Location: Rangeland Resources & Systems ResearchTitle: Nutrient addition increases grassland sensitivity to droughts
|BHARATH, S - University Of Minnesota|
|BORER, E - University Of Minnesota|
|BIEDERMAN, L - Iowa State University|
|GHERADI, L - Arizona State University|
|KNOPS, J - Xian Jiao University|
|LEAKEY, A - University Of Illinois|
|YAHDJIAN, L - University Of Buenos Aires|
|SEABLOOM, E - University Of Minnesota|
Submitted to: Ecology
Publication Type: Peer Reviewed Journal
Publication Acceptance Date: 12/5/2019
Publication Date: 5/1/2020
Citation: Bharath, S., Borer, E., Biederman, L., Blumenthal, D.M., Fay, P.A., Gheradi, L., Knops, J., Leakey, A., Yahdjian, L., Seabloom, E. 2020. Nutrient addition increases grassland sensitivity to droughts. Ecology. 101(5):e02981. https://doi.org/10.1002/ecy.2981.
Interpretive Summary: Grassland productivity may be increasingly affected by both drought and nutrient enrichment. Here, we tested how experimental nutrient fertilization influenced resistance to and recovery from severe regional droughts in 13 sites across North America. We found that fertilization increased sensitivity to drought, particularly in more arid sites, and also the speed of recovery from drought. Consequently, fertilization and nitrogen deposition may have more negative effects in dry regions, where they can destabilize plant productivity, than in wet regions, where they may increase post-drought productivity. These results can be used by land managers and policy makers to understand how fertility management and nutrient pollution may interact with changing precipitation regimes.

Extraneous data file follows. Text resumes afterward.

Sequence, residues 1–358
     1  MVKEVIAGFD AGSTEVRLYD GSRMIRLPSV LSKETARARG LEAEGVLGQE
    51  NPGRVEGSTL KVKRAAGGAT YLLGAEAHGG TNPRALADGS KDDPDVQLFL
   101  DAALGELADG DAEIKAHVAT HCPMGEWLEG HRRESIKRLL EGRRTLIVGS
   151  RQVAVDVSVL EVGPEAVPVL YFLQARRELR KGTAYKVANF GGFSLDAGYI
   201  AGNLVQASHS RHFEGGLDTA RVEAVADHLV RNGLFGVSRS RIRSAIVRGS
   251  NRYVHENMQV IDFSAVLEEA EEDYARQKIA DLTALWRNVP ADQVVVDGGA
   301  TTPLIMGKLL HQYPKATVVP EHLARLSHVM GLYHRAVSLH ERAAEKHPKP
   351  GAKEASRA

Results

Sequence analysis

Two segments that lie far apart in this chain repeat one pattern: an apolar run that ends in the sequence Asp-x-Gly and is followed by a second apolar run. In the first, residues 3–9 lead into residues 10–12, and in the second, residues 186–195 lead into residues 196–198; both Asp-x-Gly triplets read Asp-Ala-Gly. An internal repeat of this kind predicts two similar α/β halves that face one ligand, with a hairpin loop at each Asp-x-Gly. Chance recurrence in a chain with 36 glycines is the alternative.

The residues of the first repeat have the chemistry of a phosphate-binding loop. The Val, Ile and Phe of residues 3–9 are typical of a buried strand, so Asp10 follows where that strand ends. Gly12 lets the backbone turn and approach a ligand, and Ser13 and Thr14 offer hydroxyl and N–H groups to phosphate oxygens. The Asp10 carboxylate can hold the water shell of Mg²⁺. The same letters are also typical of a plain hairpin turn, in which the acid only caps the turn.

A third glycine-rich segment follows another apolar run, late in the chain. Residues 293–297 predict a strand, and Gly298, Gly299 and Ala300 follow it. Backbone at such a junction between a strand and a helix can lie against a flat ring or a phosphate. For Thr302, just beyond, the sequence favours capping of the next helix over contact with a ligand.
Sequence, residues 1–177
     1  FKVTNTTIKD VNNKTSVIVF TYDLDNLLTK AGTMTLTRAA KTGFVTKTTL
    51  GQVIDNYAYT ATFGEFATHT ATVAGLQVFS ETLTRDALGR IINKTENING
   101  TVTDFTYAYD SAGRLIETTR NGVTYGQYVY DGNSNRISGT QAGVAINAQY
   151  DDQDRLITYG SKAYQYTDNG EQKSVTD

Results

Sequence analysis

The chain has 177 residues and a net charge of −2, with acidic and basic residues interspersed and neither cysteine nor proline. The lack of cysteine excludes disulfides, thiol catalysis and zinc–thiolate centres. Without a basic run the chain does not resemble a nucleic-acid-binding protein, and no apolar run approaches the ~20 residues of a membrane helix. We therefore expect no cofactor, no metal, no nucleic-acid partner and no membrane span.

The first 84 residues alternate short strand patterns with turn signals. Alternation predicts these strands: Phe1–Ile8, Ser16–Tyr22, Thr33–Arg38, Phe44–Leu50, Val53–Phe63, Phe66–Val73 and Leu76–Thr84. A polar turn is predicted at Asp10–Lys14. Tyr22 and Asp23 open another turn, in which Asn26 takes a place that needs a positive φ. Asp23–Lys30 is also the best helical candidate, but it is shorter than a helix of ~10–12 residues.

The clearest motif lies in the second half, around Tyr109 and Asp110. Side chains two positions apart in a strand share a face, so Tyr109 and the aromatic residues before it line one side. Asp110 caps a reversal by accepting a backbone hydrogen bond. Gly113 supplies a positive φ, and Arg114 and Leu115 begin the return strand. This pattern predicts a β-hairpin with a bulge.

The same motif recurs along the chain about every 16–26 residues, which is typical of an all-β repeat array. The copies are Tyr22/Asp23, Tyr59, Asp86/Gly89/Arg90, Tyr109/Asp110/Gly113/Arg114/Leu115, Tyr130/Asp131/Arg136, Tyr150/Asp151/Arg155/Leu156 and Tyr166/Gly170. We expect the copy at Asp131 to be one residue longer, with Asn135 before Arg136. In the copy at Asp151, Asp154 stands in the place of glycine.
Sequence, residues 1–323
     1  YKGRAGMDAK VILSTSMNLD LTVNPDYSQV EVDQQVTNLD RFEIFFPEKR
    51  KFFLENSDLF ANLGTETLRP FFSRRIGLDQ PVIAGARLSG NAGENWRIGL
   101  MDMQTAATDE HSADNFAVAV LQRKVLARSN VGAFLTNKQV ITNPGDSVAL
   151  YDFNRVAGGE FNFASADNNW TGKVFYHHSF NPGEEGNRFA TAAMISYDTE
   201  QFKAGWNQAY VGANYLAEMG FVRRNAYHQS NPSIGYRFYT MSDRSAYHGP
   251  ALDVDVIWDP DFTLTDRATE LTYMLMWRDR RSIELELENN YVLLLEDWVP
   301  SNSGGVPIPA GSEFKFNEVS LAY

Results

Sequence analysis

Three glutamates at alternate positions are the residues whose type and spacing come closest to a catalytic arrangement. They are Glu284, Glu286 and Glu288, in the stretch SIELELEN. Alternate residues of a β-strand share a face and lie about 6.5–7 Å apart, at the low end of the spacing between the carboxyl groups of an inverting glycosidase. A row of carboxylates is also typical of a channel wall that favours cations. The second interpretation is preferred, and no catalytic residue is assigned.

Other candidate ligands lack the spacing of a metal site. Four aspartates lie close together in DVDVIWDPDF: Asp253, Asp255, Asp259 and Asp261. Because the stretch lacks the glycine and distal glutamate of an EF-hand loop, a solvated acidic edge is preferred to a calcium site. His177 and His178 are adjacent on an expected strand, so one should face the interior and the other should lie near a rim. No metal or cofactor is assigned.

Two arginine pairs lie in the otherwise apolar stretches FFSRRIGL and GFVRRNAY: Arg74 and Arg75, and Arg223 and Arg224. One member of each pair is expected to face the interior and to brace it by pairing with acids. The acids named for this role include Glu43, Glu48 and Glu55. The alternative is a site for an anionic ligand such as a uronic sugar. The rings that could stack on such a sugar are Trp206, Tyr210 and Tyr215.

Technical Abstract: Grasslands worldwide are expected to experience an increase in extreme events such as drought, along with simultaneous increases in mineral nutrient inputs, as a result of human activities. These changes are likely to interact, because elevated nutrient inputs may alter plant diversity and increase the sensitivity to droughts. Here, we examine the effects of experimental nutrient fertilization and resulting diversity loss on the resistance to and recovery from severe regional droughts. We do this at 13 sites spanning gradients of aridity in North America – 5 sites in the California Annual Grasslands and 8 in the Great Plains. We measure resistance and recovery as the change in annual aboveground biomass (ANPP) relative to change in growing season precipitation during and after a drought. Resistance and recovery were similar across our sites spanning a 400 mm range of mean growing season precipitation. Although Great Plains grasslands were equally sensitive to drought across a wide range of aridity, chronic nutrient fertilization reduced drought resistance in arid sites. Fertilization also increased drought recovery for both arid and mesic sites in the Great Plains. Within the California annual grasslands, neither nutrient addition nor the regional aridity gradient had consistent effects on ANPP sensitivity to drought. Across both regions, we found that species richness in naturally occurring grasslands was not associated with either resistance to or recovery from the drought, in contrast to findings in experimentally assembled grassland communities. Taken together these results suggest that human-induced eutrophication will likely increase drought recovery, but at sites experiencing increasing aridity, eutrophication may destabilize grassland primary production.